Effects on the Environment

The most direct desired effect of perennial polyculture farming is to address many of the environmental problems that are evident in today's annual monoculture approach. These include soil erosion and degradation, water depletion, and water contamination from fertilizers, herbicides, and pesticides. In thinking about replacing current annual, monoculture farming with perennial polyculture farming, it is important to understand what areas of the world are currently under cultivation. Figure 2 shows areas in which at least 30 percent of the landscape is under cultivation. The specific potential effects of perennial polycultures on the main types of environmental degradation throughout the world's cultivated lands follow.

Erosion. In the perfect archetype of the "reengineered prairie," a perennial polyculture would provide year-round ground cover, leading to a significant drop in soil erosion by both water and wind. Human-induced water and wind erosion are serious, worldwide problems for agriculture, primarily during the fallow periods of annual monoculture (and polyculture) farming. Figures 3 and 4 give some indication of the problem. Figure 3 shows those areas of the world that are vulnerable to water erosion. Figure 4 shows those areas of the world that are vulnerable to wind erosion. The most vulnerable regions in both maps are in red. A comparison of Figures 3 and 4 with Figure 2 suggests that a significant fraction of the world's land under cultivation is subject to water and wind erosion.

Figure 3

Water Erosion Vulnerability

^ RiskofHuman-InducedWaterErosion

Figure 3

Water Erosion Vulnerability

^ RiskofHuman-InducedWaterErosion

SOURCE: U.S. Department of Agriculture, Natural Resources Conservation Service, December 27, 2005. As of April 13, 2007: http://soils.usda.gov/use/worldsoils/mapindex/.

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SOURCE: U.S. Department of Agriculture, Natural Resources Conservation Service, December 27, 2005. As of April 13, 2007: http://soils.usda.gov/use/worldsoils/mapindex/.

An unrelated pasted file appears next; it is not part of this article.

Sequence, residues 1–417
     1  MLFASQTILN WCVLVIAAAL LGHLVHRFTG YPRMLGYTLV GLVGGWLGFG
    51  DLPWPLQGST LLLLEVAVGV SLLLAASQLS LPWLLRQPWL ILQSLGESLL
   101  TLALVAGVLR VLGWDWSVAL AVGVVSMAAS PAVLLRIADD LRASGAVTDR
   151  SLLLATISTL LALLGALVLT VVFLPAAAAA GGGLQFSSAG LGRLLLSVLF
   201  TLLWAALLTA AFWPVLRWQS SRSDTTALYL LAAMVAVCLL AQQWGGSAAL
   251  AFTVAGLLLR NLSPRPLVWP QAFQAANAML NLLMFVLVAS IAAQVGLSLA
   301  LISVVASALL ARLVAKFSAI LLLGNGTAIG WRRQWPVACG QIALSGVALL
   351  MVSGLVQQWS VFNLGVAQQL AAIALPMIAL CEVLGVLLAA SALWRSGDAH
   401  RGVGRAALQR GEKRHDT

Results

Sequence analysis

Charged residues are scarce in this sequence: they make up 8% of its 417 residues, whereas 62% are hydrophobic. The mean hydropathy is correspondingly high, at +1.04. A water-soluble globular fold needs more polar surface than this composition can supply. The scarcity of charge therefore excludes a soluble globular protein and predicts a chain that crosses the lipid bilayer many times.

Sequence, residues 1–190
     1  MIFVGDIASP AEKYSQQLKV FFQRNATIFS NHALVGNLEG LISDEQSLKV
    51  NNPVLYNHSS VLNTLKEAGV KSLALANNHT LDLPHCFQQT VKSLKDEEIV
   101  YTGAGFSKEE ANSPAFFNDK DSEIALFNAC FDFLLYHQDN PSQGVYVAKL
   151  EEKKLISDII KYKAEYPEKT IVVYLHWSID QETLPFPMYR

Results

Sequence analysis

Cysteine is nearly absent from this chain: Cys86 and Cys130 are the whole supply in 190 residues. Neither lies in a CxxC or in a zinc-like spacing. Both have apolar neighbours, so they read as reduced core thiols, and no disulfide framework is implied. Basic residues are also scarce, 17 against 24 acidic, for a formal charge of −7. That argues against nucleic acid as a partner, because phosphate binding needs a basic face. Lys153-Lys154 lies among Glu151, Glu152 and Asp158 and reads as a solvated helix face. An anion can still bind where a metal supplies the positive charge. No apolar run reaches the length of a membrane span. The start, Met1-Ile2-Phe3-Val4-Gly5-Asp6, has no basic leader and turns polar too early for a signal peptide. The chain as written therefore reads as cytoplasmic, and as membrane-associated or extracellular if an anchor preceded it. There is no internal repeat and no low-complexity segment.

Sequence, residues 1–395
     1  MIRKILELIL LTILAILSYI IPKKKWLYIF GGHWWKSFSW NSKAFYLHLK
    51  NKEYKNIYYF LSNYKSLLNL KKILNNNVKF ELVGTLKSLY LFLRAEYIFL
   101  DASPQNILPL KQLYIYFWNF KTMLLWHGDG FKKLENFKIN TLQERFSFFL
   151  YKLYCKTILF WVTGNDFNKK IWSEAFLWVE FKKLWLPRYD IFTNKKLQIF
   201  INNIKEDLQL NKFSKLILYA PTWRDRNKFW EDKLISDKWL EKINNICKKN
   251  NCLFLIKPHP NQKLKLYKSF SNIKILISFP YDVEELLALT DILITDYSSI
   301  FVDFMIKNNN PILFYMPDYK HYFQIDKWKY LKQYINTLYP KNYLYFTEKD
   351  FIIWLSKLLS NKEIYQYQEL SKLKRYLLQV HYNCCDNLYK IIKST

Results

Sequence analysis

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For comparison, in the United States, soil erosion from water declined between 1982 and 2001, from 4.0 tons/acre to 2.7 tons/acre, and soil erosion from wind fell from 3.3 tons/acre to 2.1 tons/acre in the same period.5 Total soil erosion of 4.8 tons per acre would result in the loss of an inch of topsoil from the average acre of cropland roughly every 25 years. This compares with typical soil formation rates of 300 to 1,000 years per inch.6 Erosion in less developed countries is typically much greater than it is in the United States.

Besides providing year-round cover for croplands, perennials send their roots much deeper into the soil than do annuals, adding protection against soil erosion from water.

Soil Degradation. Land degradation more broadly refers to soil that has been eroded, that has lost its fertility through depletion of minerals and other nutrients, that has become salinized through a variety of mechanisms, or that has become contaminated by pesticides,

5 Figures are based on U.S. Department of Agriculture, Natural Resources Conservation Service, National Resources Inventory: 2001 Annual NRI, July 2003. As of April 13, 2007: http://www.nrcs.usda.gov/technical/ land/nri01/nri01eros.html.

6 See Judith D. Soule and Jon K. Piper, Farming in Nature's Image, Island Press, Washington, D.C., 1992, p. 13.

Figure 4

Wind Erosion Vulnerability

<ù 'tÊiÊf"~ Risk of Human-Induced Wind Erosion

Figure 4

Wind Erosion Vulnerability

<ù 'tÊiÊf"~ Risk of Human-Induced Wind Erosion

SOURCE: U.S. Department of Agriculture, Natural Resources Conservation Service, December 27, 2005. As of April 13, 2007: http://soils.usda.gov/use/worldsoils/mapindex/.

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SOURCE: U.S. Department of Agriculture, Natural Resources Conservation Service, December 27, 2005. As of April 13, 2007: http://soils.usda.gov/use/worldsoils/mapindex/.

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herbicides, or other means.7 Figures 5 and 6 show two different views of worldwide land degradation. Figure 5 is from the Food and Agriculture Organization of the United Nations (FAO), and Figure 6 is from the International Soil Reference and Information Centre in the Netherlands. Exact measures of soil degradation and erosion are arguable, but the maps in Figures 3-6 indicate that agriculture that provides year-round cover, that requires much less pesticide and herbicide, and that provides much of its own nutrients would seriously reduce soil degradation worldwide.

Water Depletion. According to the American Association for the Advancement of Science (AAAS):

More than 60 percent of the water used in the world each year is diverted for irrigating crops . . . . In Asia, which has two thirds of the world's irrigated land, 85 percent of water goes for irrigation. A worldwide doubling in the area under irrigation to more than 260 million hectares underpinned the "green revolution" that kept the world fed in the late 20th